4 years ago

Risk factors for injury associated with low, moderate, and high mileage road marching in a U.S. Army infantry brigade

Road marching is an important physical training activity that prepares soldiers for a common occupational task. Continued exploration of risk factors for road marching-related injuries is needed. This analysis has assessed the association between modifiable characteristics of physical training and injury risk. Methods Injuries in the previous 6 months were captured by survey from 831 U.S. Army infantry soldiers. Road marching-related injuries were reported as those attributed to road marching on foot for specified distances while carrying equipment. Frequencies, means, and relative risk ratios (RR) for road marching-related injury with 95% confidence intervals (CI) were calculated. Adjusted odds ratios (OR) and 95% CI were calculated for leading risk factors using multivariable logistic regression. Design Retrospective cohort study. Results Half (50%) of reported injuries were attributed to road marching or running. When miles of exposure were considered, injury risk during road marching was higher than during running (RRroad marching/running =1.8, 95% CI: 1.38–2.37). A higher product of road marching distance and weight worn (pound-miles per month) resulted in greater injury risk (RR≥1473 pound-miles/<1472 =1.92, 95% CI: 1.17–2.41). Road marching-related injuries were associated with carrying a load >25% of one’s body weight (OR>25%/1-20% =2.09, 95% CI: 1.08–4.05), having high occupational lifting demands (OR50-100+lbs/25-50lbs =3.43, 95% CI: 1.50–7.85), road marching ≥5 times per month (OR≥5 times/4 times =2.11, 95% CI: 1.14–3.91), and running <4 miles per week during personal physical training (OR0/≥10 miles/week =3.56, 95% CI: 1.49–8.54, OR1-4/≥10 miles/week =4.14, 95% CI: 1.85–9.25). Conclusions Ideally, attempts should be made to decrease the percentage of body weight carried to reduce road marching-related injuries. Since this is not always operationally feasible, reducing the cumulative overloading from both physical training and occupational tasks may help prevent injury.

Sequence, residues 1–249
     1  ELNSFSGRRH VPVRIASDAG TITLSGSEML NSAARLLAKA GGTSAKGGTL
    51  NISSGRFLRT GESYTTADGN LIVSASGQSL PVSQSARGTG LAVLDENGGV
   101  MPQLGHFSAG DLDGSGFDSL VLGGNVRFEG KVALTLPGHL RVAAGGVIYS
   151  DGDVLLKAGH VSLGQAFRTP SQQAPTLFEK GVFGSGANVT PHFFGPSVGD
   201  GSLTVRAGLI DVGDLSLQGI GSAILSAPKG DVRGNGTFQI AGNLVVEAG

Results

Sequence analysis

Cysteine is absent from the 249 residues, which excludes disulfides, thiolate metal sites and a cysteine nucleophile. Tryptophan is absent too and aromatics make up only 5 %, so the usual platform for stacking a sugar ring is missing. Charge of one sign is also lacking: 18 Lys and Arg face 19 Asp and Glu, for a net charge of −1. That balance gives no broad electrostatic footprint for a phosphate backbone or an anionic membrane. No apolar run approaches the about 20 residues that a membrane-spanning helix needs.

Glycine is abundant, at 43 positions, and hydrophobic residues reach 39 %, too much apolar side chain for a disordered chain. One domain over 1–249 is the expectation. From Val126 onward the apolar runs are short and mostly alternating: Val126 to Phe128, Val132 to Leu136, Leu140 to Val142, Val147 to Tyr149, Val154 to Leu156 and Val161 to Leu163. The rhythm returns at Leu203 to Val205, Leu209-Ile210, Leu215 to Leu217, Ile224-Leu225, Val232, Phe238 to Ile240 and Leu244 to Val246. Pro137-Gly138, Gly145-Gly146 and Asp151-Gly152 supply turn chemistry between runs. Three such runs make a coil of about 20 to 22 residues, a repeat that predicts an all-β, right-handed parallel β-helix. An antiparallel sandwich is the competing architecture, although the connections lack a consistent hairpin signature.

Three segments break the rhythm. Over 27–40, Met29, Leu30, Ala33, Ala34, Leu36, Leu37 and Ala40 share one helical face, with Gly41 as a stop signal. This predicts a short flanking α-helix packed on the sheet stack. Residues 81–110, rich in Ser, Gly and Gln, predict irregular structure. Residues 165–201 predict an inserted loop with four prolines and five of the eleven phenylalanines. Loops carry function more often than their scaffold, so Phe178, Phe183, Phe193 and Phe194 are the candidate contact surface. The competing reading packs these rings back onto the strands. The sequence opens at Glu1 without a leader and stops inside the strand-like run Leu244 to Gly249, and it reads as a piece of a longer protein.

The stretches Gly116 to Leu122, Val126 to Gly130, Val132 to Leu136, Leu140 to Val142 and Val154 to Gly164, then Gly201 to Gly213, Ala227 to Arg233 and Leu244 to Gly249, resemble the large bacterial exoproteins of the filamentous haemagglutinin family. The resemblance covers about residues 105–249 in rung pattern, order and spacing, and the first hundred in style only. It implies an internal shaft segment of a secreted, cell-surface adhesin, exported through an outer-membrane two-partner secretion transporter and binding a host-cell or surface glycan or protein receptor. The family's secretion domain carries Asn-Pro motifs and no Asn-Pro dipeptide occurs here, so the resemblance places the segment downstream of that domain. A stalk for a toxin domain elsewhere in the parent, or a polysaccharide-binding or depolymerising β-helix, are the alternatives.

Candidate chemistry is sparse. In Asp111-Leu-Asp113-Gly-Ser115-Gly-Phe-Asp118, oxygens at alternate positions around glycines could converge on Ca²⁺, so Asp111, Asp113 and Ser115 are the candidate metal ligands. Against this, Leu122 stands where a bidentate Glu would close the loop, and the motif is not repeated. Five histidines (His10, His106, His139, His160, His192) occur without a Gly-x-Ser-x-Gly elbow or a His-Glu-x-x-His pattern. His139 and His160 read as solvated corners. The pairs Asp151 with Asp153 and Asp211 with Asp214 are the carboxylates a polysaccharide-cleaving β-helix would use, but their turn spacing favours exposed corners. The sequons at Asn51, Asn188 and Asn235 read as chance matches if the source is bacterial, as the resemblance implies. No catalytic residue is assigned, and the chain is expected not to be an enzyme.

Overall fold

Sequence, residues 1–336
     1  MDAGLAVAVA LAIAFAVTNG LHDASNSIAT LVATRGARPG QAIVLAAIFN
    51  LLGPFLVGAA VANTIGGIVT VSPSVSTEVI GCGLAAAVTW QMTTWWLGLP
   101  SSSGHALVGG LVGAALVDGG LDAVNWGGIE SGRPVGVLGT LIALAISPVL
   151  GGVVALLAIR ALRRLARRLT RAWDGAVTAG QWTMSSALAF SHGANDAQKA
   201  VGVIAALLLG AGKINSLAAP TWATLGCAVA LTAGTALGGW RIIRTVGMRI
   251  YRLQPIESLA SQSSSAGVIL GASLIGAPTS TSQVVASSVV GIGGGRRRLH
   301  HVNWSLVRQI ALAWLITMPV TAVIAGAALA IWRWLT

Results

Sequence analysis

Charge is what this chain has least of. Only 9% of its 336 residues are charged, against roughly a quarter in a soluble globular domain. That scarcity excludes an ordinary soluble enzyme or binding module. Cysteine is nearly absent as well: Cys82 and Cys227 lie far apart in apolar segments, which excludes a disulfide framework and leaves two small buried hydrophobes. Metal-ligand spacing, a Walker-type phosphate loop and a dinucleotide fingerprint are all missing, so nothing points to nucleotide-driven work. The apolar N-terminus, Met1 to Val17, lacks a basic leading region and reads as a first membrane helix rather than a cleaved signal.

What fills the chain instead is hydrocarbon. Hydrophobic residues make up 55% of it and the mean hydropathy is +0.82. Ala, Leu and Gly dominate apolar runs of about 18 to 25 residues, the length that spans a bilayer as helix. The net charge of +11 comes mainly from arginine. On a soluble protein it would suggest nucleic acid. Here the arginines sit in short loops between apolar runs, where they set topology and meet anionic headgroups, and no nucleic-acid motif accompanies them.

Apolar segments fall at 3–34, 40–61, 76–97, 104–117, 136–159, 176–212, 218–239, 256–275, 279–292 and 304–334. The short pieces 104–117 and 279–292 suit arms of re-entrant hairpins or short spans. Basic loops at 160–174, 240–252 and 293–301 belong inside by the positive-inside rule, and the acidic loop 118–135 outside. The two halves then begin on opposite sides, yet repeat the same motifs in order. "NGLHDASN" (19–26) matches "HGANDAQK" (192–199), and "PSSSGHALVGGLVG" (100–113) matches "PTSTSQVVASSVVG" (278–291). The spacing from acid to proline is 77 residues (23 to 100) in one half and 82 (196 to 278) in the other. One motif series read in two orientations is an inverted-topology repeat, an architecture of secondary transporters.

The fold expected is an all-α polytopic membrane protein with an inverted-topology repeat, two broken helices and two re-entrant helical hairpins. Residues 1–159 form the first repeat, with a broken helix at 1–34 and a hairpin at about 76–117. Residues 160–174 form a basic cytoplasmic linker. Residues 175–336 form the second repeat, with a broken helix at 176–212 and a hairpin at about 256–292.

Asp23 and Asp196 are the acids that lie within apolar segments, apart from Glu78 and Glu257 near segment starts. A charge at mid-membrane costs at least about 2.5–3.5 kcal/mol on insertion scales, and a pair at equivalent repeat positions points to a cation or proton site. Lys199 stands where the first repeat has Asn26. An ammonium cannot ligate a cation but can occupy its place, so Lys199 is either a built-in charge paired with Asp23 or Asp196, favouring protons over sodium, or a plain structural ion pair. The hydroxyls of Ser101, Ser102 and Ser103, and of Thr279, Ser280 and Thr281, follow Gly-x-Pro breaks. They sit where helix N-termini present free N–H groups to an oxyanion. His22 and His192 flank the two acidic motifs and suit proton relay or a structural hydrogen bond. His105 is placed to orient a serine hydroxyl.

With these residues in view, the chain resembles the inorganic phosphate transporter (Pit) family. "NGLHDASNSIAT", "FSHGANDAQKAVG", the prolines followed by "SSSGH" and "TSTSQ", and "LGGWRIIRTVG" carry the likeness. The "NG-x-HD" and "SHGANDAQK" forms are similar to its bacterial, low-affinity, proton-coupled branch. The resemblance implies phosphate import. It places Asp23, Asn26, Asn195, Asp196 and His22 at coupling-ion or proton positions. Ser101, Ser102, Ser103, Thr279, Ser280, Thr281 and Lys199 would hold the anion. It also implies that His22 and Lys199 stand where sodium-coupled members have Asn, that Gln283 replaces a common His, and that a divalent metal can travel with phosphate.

Publisher URL: www.sciencedirect.com/science

DOI: S144024401730988X

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